The World of Female Haredi Singers and Artists

April 2, 2024 | Lauren Hakimi
About the author:

To many Orthodox Jews, it is forbidden for men to listen to women sing, and in the most rigid circles any sort of public performance by a woman is frowned upon. In the past few years, however, it has been common for female haredi actors and musicians to put on plays, concerts, and the like for audiences made up of women alone. The anthropologist Jessica Roda explores this phenomenon in a recent book. Lauren Hakimi writes in her review:

Roda, who grew up in a secular environment in French Guiana in South America, became personally interested in haredi life in 2015 when the deaths of two loved ones pushed her to explore her religiosity. Living in Montreal at the time, she joined a group that was dedicated to supporting people who’d left the community. She also taught anthropology to haredi women. She started interviewing artists who’d left the community, and from there, met people who were still part of it, in both Montreal and New York City.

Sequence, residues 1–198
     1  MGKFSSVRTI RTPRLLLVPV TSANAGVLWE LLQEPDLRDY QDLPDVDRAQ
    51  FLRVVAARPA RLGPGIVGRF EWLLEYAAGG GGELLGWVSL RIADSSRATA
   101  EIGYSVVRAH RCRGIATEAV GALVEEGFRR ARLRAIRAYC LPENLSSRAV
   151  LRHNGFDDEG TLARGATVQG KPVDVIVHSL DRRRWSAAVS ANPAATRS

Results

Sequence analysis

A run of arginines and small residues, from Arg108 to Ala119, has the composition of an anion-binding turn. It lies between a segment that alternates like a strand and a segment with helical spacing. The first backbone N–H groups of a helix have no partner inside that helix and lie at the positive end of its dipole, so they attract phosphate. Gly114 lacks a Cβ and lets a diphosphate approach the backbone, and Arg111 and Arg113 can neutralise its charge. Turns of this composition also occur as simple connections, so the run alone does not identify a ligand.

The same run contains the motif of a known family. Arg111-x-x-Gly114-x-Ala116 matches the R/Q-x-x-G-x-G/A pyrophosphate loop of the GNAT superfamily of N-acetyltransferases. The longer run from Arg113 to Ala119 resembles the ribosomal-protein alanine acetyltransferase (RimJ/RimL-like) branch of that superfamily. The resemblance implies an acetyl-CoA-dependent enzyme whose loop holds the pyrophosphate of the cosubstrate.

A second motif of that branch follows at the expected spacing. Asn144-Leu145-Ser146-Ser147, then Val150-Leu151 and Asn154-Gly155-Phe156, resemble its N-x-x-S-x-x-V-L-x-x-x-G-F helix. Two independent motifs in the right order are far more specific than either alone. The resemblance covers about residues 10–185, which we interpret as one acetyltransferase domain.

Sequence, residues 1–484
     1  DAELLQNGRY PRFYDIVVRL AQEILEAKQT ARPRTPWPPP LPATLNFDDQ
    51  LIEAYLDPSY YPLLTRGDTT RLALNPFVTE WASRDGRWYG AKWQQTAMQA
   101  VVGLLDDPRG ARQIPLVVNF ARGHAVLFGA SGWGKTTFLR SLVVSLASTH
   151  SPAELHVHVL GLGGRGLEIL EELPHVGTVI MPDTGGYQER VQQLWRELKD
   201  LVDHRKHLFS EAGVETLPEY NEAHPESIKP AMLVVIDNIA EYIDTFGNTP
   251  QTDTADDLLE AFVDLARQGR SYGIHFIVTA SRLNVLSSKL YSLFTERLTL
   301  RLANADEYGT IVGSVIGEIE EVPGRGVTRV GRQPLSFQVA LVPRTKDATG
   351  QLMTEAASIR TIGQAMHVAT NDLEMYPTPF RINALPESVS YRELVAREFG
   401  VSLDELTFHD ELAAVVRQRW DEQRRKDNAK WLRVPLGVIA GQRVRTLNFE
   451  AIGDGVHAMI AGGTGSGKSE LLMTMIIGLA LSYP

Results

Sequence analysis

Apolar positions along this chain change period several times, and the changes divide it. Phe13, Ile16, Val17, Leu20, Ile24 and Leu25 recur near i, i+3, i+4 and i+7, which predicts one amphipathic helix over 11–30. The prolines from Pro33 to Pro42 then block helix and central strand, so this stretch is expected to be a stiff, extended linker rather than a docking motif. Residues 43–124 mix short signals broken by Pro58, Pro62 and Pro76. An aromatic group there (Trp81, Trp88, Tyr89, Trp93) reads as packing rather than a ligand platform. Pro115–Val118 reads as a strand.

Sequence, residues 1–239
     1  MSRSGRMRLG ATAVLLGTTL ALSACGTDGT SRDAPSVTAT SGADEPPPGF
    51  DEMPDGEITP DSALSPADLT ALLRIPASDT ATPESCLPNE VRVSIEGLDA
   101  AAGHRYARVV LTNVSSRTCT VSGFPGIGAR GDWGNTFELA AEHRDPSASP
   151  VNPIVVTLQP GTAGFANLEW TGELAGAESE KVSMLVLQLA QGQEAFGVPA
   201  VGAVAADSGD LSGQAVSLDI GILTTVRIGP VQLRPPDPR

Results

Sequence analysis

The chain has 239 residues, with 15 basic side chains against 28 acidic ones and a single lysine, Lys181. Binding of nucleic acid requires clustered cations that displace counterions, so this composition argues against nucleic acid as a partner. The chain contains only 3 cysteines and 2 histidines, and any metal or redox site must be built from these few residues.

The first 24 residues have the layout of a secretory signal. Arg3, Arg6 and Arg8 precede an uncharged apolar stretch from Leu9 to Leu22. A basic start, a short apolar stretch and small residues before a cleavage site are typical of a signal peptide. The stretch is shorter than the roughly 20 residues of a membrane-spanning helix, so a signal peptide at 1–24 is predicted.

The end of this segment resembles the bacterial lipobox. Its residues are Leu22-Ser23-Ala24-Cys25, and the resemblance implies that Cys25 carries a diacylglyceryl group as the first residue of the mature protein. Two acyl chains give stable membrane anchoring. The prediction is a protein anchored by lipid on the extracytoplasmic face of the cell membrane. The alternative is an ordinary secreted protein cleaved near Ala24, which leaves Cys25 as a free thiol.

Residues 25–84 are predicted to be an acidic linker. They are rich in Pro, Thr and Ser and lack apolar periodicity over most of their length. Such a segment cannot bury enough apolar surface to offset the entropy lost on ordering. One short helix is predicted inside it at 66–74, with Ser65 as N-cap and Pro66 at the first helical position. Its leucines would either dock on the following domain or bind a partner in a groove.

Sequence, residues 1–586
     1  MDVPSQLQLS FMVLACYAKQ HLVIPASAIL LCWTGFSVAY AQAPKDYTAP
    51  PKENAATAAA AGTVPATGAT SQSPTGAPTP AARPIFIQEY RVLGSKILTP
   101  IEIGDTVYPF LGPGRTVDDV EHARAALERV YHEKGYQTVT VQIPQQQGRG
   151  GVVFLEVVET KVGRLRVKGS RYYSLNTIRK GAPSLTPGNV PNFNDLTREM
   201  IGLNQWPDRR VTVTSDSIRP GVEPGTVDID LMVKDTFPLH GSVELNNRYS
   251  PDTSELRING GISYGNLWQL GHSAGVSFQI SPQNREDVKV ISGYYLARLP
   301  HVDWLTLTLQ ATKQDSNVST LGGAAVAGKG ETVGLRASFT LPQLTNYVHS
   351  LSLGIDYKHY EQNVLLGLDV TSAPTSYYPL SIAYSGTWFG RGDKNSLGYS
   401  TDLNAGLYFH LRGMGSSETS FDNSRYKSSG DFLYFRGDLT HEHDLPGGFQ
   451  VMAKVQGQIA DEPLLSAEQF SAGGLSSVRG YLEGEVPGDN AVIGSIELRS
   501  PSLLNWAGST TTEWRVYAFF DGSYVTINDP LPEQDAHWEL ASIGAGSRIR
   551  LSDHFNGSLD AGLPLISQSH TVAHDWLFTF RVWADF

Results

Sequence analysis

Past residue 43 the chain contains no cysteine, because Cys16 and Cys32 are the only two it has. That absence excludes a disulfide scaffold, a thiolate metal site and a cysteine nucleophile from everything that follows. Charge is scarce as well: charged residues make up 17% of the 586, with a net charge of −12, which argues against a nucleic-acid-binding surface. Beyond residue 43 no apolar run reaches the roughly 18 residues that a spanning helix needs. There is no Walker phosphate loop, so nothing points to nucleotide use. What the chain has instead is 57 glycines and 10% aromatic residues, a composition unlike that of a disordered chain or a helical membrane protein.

Roda’s book chronicles a recent historical development. It used to be that haredi female singing and dancing was mostly relegated to the world of girls’ schools and summer camps. Now, it’s become a viable career option. Roda attributes this cultural development to several factors: the advent of a haredi content and entertainment industry, social media, and an increasing cultural emphasis on self-care and government programs that fund it. . . . The book also shines a light on the blurry boundaries between people who are part of the community and those who have left.

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